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Offset of Tax Refund to Satisfy Unpaid Child Support

Posted on Jan. 13, 2020

We are entering peak offset season as federal tax refunds serve to satisfy many state and federal obligations of individuals who anticipated a check from Uncle Sam.  The recent case of Blue v. United States Department of Treasury, No. 1:19-cv-01926 (N.D. Ohio 2019) serves as a reminder not only of the ability of the Treasury Department to take a federal tax refund and send it to a government creditor but of the inability to challenge the offset by suing Treasury.

Mr. Blue brings his case against Treasury pro se in the state court. In some ways this makes sense because he will ultimately need to bring an action in state court to obtain the relief he seeks but the defendant will differ. The Department of Justice removes the case to federal court and then immediately files a motion to dismiss for lack of subject matter jurisdiction. You might think it odd to remove a case only to dismiss it but doing so is normal and makes sense. The government does not want to make the jurisdictional argument to a state court judge who might find jurisdiction exists. Better to remove the case to federal court, which the government has the absolute right to do, and dispose of it there in a setting where the government has more comfort in the outcome.

The district court dismisses the case with a short order first discussing sovereign immunity and the failure of Congress to authorize a suit such as this and then citing to IRC 6502 and the specific prohibition against a suit such as this:

Congress has not waived sovereign immunity for this type of suit against the Treasury Department. In fact, Congress has explicitly barred such suits, stating, “No Court of the United States shall have jurisdiction to hear any action, whether legal or equitable, brought to restrain or review a reduction authorized by subsection (c), (d), (e), or (f).” 26 U.S.C.A. §6402(g). Subsection (c) cited above authorizes a reduction of an individual’s federal income tax refund for “any past-due [child] support . . . owed by that person.” 26 U.S.C. § 6402(c). Under the terms of the statute, this Court lacks jurisdiction over any claims against the Treasury Department pertaining to offsets of income tax refunds for child support arrearages.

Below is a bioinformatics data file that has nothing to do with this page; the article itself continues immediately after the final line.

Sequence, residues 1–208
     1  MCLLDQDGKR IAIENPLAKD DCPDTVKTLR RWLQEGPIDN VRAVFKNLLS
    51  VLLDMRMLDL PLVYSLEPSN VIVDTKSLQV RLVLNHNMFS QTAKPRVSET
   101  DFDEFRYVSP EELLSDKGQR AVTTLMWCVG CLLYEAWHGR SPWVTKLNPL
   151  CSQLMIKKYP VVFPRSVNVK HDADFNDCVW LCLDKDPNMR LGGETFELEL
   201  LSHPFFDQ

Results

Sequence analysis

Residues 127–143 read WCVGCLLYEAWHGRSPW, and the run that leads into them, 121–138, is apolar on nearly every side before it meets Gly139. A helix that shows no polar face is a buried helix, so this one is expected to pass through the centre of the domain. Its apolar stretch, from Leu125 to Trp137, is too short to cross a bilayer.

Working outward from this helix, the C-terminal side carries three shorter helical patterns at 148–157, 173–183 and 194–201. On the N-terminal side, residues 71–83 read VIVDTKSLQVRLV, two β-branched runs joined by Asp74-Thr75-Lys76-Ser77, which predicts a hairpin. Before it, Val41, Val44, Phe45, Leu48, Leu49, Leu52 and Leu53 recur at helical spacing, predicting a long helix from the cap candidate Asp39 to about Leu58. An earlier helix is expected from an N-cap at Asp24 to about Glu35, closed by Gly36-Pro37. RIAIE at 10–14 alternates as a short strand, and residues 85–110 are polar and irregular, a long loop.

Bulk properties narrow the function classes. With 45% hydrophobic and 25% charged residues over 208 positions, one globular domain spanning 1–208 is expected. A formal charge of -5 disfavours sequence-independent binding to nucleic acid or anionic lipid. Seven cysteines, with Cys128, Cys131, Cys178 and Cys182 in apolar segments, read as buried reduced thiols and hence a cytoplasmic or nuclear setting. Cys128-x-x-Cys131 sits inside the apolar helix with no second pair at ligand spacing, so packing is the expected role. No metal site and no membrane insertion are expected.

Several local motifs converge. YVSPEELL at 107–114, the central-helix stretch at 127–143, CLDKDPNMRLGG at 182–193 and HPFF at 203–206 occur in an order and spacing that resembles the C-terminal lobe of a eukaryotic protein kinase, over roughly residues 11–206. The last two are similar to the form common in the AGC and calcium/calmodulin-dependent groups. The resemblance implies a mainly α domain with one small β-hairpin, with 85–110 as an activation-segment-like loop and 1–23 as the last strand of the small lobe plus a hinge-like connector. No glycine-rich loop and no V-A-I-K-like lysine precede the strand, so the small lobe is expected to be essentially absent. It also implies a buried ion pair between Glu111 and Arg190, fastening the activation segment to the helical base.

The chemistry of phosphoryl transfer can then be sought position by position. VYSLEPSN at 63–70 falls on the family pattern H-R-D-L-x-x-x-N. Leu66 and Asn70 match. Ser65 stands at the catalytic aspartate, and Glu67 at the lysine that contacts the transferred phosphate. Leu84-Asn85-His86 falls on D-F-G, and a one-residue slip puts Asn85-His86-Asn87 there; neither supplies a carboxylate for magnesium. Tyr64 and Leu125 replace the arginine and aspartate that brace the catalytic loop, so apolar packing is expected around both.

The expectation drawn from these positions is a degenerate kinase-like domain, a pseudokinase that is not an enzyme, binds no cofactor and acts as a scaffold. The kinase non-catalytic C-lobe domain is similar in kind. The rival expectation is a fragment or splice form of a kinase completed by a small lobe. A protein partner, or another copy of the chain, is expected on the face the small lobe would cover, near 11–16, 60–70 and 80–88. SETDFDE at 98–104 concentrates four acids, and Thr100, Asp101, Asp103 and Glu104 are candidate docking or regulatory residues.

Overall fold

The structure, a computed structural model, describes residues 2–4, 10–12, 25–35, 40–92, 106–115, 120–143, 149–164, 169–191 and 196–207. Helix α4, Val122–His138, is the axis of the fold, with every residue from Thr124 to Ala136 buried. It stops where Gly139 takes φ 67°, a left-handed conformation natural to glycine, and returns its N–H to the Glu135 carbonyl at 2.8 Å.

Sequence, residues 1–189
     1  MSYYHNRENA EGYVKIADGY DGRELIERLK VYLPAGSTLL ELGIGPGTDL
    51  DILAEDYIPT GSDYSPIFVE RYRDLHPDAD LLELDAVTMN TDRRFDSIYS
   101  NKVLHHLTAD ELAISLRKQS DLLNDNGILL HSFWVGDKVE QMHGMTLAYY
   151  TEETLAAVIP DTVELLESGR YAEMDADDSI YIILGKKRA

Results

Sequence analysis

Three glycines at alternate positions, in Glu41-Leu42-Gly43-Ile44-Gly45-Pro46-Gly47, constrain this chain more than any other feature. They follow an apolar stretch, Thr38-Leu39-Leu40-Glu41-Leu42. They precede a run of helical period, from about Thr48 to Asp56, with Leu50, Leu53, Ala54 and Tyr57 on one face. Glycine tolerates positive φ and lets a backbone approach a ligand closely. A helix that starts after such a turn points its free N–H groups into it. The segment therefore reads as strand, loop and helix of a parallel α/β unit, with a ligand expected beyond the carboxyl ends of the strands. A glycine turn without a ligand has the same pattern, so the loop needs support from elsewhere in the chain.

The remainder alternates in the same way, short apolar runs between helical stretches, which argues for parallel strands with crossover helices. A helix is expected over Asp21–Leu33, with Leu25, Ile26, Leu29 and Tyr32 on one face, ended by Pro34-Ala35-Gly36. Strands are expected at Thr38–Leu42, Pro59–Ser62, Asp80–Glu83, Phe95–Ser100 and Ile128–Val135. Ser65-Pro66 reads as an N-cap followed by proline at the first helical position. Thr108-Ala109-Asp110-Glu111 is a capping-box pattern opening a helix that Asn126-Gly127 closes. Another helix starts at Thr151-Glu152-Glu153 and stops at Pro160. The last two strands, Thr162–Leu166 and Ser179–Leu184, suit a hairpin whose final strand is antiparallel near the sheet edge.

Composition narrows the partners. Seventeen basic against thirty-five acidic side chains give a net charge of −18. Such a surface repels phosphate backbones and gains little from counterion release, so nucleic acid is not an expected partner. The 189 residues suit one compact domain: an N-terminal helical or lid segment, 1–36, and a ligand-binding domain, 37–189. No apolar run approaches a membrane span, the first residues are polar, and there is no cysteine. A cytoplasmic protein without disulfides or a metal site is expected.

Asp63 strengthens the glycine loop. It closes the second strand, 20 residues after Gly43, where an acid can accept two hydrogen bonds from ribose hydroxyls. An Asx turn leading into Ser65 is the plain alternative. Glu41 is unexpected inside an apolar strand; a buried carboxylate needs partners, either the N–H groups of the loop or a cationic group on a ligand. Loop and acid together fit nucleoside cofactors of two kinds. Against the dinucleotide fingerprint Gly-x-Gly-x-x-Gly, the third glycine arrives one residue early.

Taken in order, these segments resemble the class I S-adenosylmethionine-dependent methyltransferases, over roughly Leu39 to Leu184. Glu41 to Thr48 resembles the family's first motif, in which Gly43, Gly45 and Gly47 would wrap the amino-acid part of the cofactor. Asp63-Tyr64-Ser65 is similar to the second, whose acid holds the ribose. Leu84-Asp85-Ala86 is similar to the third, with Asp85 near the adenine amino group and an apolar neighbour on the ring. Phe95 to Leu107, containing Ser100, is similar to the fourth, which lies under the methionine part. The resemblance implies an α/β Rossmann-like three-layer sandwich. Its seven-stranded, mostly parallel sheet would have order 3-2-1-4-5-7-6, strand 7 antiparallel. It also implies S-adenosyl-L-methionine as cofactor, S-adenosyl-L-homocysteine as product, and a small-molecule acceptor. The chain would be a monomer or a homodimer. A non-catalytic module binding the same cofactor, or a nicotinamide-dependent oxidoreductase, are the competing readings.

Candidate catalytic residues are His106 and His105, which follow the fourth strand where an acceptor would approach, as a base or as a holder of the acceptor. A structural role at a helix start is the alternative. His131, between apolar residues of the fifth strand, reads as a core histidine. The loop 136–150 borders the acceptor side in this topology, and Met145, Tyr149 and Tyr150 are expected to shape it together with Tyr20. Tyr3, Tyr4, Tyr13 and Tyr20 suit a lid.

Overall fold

If Mr. Blue wants to get his tax refund, he needs to go to the state court that issued the child support order and convince that court that no outstanding order existed that should have caused the Treasury Department to send his federal tax refund to the child support agency. The system does not allow attacking the offset by suing Treasury. His only remedy lies in getting the child support order declared incorrect or fully satisfied. It’s not surprising that Mr. Blue thinks he should go after the Treasury Department and the offset program. Many clients of the clinic come in with the same view – that they have a tax problem not a problem with whatever agency has used the Treasury Offset Program to grab the tax refund. The Blue case shows the futility of suing Treasury. Taxpayers seeking to obtain a refund must always go to the part of the state or federal government requesting the offset and work out the issue there. Assuming that the state or federal agency properly certified a debt to Treasury, Treasury will always win with the defense that it simply offset as contemplated in the federal statutes.

Because he brought the suit against the wrong party, we do not know if he really owes the child support to which the refund was offset.  The court did not need to get into the merits of his liability in order to dismiss his case.  Assuming that he has a valid argument that he does not owe the child support, the dismissal here does not prevent Mr. Blue from making that argument in a case against the child support agency.

Because it is the season for offset, here are links to prior blog posts on the offset issue that might be of benefit if you are dealing with an offset issue:

Offset of an overpayment where taxpayer designated the payment

Defense to Payment as a basis for stopping offset of student loans

Offset to satisfy student loans and general discussion of offset program operation

When is an offset an offset

TIGTA report explaining offset program

Illegal exaction – offset against a criminal fine

Requesting a bypass of the offset against prior federal taxes

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